An extremely untraditional riff on the Italian aglio e olio. Instead of garlic, we’re using scallions. And we’re using a lot of them—three bunches to be exact. If you’re tempted to reduce the amount, well, don’t. Once you start treating scallions like a leafy green—from charring in a skillet to roasting on a sheet pan—it’s hard to stop. —Emma Laperruque
Add the water to a large saucepan and set on the stove over high heat to come to a boil. When it’s very hot, add the 1 ½ tablespoons kosher salt (this will probably happen while you’re working on the scallion sauce).
While the water is heating up, prep the scallions: Wash well and trim the hairy ends—but keep each bunch separate. Chop one bunch of scallions into large (roughly 1 ½–inch) pieces. Chop another into medium (about ½-inch) pieces. And mince the remaining bunch into oblivion (I like to do this by chopping each scallion as finely as possible, then running my knife through the pile a few times).
Make the scallion sauce: Heat a large cast-iron skillet over medium-high heat. When it’s very hot, add 1 tablespoon oil. When the oil is shimmery, add the large-sized scallion pieces. Toss a few times and sprinkle with salt. Now don’t move the pieces for 3 minutes, until each begins to char.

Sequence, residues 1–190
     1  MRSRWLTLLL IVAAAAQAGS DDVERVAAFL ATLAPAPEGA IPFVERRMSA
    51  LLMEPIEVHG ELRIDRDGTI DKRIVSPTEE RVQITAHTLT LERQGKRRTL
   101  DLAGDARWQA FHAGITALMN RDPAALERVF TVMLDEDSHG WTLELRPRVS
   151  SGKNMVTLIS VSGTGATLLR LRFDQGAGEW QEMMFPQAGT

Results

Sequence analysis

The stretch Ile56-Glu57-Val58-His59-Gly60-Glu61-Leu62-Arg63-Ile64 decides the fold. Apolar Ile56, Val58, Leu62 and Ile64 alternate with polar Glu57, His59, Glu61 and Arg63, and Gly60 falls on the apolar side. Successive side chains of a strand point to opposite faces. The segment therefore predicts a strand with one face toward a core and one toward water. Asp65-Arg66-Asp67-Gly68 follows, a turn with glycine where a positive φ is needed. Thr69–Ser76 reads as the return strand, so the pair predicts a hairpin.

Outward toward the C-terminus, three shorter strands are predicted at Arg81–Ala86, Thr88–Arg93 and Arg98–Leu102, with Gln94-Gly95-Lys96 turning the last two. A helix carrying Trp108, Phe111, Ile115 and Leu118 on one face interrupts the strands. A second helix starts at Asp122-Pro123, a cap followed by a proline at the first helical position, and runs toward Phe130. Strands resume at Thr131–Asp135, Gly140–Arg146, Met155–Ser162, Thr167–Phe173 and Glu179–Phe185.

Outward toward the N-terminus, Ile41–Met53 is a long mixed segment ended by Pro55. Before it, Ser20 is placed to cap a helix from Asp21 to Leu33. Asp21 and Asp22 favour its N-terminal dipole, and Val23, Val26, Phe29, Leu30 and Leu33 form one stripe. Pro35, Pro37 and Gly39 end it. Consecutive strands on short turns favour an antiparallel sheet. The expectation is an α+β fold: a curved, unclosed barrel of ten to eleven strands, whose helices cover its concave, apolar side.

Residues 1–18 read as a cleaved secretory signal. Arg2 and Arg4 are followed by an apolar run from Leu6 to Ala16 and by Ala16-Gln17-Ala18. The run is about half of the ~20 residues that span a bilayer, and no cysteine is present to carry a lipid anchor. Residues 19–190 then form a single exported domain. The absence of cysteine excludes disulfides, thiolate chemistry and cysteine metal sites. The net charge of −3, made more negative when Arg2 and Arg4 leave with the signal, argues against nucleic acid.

Add the medium-sized scallion pieces to the pan. Toss and season with another pinch of salt. Lower the heat to medium and cook for another 3 minutes, stirring once or twice, until soft.
Add the minced scallions to the pan. Toss and season with another pinch of salt. Lower the heat to the lowest possible setting, then add the remaining 4 tablespoons olive oil. Cook for about 2 minutes, stirring once or twice, then cut the heat. Stir in the red pepper flakes, if you’re using them.
Your water is probably boiling at this point. Add the spaghetti. After a moment, gently nudge it down with a wooden spoon as needed, until all the noodles are submerged. Boil for about 9 minutes or until just al dente.
Right before the spaghetti is done, turn on the heat under the scallion sauce to the lowest setting. Use tongs to transfer the spaghetti to the pan with the scallions. Add ¼ cup pasta water and toss, toss, toss to form an emulsified sauce. Add more water if necessary (I usually add another 2 tablespoons). This should only take a minute or so—take care not to cook the pasta too long.
Season with more salt to taste and sprinkle more red pepper flakes on top, if you want. Serve immediately.
Emma is the food editor at Food52. Before this, she worked a lot of odd jobs, all at the same time. Think: stir-frying noodles "on the fly," baking dozens of pastries at 3 a.m., reviewing restaurants, and writing articles about everything from how to use leftover mashed potatoes to the history of pies in North Carolina. Now she lives in Maplewood, New Jersey with her husband and their cat, Butter. Stay tuned every Tuesday for Emma's cooking column, Big Little Recipes, all about big flavor and little ingredient lists. And see what she's up to on Instagram at @emmalaperruque.